Yeah, I think our strategy there so far has basically been to allow program ability in limited places, for example, the Lua transform and the kind of upcoming JavaScript transform, there's got kind of a surprising amount that you can do, even when you're limited to that, to that context of a single transformation, we are interested in kind of extending that to say, you know, is it would it make sense to have a sink or a source that you could write a lot of the logic in, in something like Lua or JavaScript or, you know, a language compiled to web assembly. And then we provide almost like a standard library of you know, io functions and things like that, that would we would have more control over and could do a little bit more to ensure, like Ben said, the performance and reliability of the system. And then kind of the final thing is we really want vector to be as as easy to contribute to as possible. Ben mentioned, some, you know, housekeeping things that we want to want to do before we really considered at 1.0. And I think a lot of that is around extracting common patterns for things like sources things and transforms into to kind of our internal library so that if you want to come in and contribute support to vector for a new downstream database, or metric service or something like that, we want that process to be as simple as possible. And we want you to kind of be guided into the right path in terms of, you know, handling your errors and doing retrials by default, and all all of that stuff, we want it to be right there and very easy. So that we can minimize, there's always going to be a barrier if you say you have to write a pull request to get support for something as opposed to just writing a plugin. But we want to minimize that as much as we possibly can.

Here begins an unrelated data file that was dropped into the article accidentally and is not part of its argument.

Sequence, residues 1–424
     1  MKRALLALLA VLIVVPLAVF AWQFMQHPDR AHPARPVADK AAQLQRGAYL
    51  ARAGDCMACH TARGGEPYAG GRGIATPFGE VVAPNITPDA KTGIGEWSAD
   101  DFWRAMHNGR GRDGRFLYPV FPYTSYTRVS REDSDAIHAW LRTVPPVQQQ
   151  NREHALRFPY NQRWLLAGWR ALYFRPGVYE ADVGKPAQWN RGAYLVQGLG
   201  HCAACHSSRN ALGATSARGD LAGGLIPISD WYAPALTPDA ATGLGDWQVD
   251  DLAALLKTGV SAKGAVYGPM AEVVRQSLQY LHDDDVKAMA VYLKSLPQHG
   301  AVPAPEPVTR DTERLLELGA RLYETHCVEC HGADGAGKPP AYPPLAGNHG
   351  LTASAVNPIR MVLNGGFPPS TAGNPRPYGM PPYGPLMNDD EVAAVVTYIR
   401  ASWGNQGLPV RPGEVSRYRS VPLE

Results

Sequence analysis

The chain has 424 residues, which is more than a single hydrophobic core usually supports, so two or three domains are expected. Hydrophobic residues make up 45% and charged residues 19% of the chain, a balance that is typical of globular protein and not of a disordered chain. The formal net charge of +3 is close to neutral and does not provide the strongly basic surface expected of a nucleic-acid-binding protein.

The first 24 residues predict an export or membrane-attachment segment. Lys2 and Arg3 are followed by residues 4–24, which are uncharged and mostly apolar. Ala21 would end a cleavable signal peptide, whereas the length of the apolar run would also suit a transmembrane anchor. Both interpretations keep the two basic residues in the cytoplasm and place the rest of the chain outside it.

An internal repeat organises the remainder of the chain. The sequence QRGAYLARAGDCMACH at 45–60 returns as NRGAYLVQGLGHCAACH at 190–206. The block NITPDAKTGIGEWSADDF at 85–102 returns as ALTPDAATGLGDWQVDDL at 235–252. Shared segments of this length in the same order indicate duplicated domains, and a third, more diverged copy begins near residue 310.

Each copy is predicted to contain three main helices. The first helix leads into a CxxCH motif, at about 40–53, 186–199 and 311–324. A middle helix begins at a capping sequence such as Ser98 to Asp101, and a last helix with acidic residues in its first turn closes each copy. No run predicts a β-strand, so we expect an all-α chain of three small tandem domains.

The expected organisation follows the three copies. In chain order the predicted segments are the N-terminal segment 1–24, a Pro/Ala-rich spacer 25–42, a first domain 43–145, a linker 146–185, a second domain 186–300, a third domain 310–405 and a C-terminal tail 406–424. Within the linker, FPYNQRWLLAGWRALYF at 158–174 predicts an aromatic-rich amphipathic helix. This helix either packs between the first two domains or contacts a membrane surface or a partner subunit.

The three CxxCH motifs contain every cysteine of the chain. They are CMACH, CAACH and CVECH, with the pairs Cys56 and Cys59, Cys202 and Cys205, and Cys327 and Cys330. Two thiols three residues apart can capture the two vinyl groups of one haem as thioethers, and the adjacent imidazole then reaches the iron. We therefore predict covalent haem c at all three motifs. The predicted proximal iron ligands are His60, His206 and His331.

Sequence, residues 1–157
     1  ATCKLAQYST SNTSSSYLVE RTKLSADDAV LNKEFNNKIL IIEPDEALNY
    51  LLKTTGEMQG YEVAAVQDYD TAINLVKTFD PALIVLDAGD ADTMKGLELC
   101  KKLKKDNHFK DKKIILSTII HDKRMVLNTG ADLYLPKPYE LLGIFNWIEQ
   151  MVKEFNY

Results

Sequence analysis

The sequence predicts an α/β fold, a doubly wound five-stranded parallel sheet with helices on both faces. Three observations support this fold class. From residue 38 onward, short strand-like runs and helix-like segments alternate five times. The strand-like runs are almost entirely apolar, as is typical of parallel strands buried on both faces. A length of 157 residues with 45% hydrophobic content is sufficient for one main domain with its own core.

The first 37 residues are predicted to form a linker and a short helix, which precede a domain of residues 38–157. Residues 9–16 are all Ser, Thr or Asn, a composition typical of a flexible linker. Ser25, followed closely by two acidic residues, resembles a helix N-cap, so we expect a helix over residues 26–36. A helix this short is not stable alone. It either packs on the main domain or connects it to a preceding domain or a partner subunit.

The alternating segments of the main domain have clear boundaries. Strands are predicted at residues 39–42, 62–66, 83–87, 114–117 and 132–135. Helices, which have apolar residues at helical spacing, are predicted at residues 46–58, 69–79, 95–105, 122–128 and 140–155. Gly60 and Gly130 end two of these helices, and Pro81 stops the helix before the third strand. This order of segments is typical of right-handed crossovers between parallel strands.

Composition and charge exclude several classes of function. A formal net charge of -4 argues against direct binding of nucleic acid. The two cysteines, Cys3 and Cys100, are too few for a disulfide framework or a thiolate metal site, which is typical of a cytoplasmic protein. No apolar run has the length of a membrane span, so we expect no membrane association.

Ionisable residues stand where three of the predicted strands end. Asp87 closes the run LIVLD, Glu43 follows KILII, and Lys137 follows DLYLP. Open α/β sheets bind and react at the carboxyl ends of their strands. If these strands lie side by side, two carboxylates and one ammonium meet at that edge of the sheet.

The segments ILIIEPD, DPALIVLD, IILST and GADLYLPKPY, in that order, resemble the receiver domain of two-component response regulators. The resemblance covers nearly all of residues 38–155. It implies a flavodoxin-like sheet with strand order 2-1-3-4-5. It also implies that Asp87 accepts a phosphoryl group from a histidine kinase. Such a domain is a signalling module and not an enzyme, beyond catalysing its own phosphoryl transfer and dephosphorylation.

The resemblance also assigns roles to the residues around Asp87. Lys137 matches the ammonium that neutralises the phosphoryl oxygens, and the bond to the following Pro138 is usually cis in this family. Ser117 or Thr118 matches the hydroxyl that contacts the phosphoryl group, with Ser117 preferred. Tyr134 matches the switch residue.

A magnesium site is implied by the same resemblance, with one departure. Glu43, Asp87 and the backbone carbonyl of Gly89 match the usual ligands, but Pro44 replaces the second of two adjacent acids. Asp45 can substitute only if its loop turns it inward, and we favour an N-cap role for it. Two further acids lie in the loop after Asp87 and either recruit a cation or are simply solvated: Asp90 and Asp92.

Tobias Macey
0:49:38
And there are a whole bunch of other aspects of this project that we haven't touched on yet that I have gone through in the documentation that I think is interesting, but I'm wondering if there is anything in particular that either of you would like to discuss further before we start to close out the show.
Ben Johnson
0:49:55
And in terms of like the actual technical implementation of vector, I think one of the unique things things that is worth mentioning is one of you know, vectors, and tend to be the single data collector, across all of your different types of data. So we think that's a big gap in the industry right now is that you need different tools for metrics and logs, and exceptions, and traces. And so we think we can really simplify that. And that's one of the things that we didn't touch on very well in this in this podcast. But right now, we support logs and metrics. And we're considering expanding support for different types of observe ability data, so that you can claim full ownership and control of collection of that data
Luke Steensen
0:50:36